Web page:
I’m excited to finally be sitting down to write about Copenhagen, even if it is five months later. When people ask me my favorite place I went, I always say, besides Budapest (which of course I am biased about because I spent the longest time there), it was Copenhagen.
It was one of the only cities I could picture myself actually living in, if it wasn’t for the lack of daylight in the winter and the outrageous prices. But I’m from the Midwest, so I’m used to dark winters, and if I made a salary in Danish krone, then I think I could make it work.
Our outstandingly comfortable Ryan Air flight (hint – sarcasm) landed around 5pm, so our first day in the city was short. We took public transit from the airport to our hostel; the trains in Copenhagen are very clean and they have nifty headphone ports built in for you to listen to the radio, albeit with a lot of static.
If you’re traveling to Copenhagen though, I don’t recommend relying on public transit. You have to specify when buying your ticket which station you are getting off at and tickets are very infrequently checked by patrolling workers, which leaves you with the moral dilemma of paying for a $5 ticket or risking it in the hope that yours won’t get checked. It’s also just inconvenient – there aren’t enough stops to make it easy to get around the whole city. But while I was there, they were building new stations, so I think the city knows it has room to improve in that department. We found it quickest and easiest to bike, although it’s a little difficult when you have to stop and pull out your phone for directions frequently. So most of the time we walked. A lot.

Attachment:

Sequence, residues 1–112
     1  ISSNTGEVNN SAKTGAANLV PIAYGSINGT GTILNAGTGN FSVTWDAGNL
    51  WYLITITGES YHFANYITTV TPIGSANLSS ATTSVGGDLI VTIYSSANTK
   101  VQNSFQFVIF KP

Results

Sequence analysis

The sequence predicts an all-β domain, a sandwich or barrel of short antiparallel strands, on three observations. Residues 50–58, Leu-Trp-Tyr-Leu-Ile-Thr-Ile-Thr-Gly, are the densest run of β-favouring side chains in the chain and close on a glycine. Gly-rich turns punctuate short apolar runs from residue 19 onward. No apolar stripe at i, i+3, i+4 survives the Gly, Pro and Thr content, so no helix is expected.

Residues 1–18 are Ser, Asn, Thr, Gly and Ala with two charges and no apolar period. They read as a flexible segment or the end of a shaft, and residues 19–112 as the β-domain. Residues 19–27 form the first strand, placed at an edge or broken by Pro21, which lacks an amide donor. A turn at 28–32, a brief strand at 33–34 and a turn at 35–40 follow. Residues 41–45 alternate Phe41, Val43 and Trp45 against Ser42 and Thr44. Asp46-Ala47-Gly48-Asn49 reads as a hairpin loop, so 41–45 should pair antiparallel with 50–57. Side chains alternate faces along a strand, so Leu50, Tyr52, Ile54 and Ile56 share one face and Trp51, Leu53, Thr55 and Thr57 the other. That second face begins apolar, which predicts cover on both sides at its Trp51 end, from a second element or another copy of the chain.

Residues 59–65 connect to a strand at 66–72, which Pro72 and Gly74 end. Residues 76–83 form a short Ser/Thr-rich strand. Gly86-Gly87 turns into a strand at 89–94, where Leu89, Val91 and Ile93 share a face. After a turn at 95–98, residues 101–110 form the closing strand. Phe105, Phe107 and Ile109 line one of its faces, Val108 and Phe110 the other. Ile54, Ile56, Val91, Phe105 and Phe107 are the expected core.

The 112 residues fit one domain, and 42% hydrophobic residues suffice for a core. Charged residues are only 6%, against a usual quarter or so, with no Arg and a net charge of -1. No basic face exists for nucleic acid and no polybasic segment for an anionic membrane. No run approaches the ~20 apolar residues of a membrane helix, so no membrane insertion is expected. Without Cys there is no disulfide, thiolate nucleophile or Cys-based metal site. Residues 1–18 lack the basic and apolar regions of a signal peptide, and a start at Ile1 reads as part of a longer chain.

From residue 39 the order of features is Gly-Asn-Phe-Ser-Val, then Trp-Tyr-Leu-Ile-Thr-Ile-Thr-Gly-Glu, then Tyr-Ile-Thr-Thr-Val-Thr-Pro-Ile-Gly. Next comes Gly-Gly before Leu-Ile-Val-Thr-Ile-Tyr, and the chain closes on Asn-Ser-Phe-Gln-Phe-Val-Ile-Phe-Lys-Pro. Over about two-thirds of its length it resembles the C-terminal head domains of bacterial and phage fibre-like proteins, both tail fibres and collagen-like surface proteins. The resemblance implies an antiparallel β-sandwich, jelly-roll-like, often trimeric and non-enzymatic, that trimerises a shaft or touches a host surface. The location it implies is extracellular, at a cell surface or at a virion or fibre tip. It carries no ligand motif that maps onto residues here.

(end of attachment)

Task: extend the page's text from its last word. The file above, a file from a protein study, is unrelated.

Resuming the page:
We stayed at the Urban House hostel, which is the nicest hostel I have ever stayed in. It’s right by the central train station, a five-minute walk to Tivoli Gardens, and there is a bar, a restaurant, an amazing communal kitchen, game rooms, lounge rooms, a theater room, and even a tattoo parlor. Yeah, you read that right. The hostel rooms themselves were nice and clean, plus there were extra bathrooms on a few floors! If you’ve ever stayed in a 10-person hostel room, you know this is a lifesaver.
As I mentioned before, the Danish krone doesn’t exchange very well for us Americans, so we mostly lived off the amazing street food in Copenhagen, starting with some delicious hot dogs right outside the central train station immediately upon arriving to the city. Everything I ate in Copenhagen was freakin’ amazing, which, knowing me, probably explains why I especially loved this city.
Speaking of food, we decided to just wander around near our hostel the first night because it was already evening, and we happened to stumble upon a street food stand worthy of gods. It sold fresh churros with chocolate (of course) and vanilla-strawberry swirled ice cream so creamy I died. Okay, I didn’t die, but I was extremely happy and there is photographic evidence of that jubilance.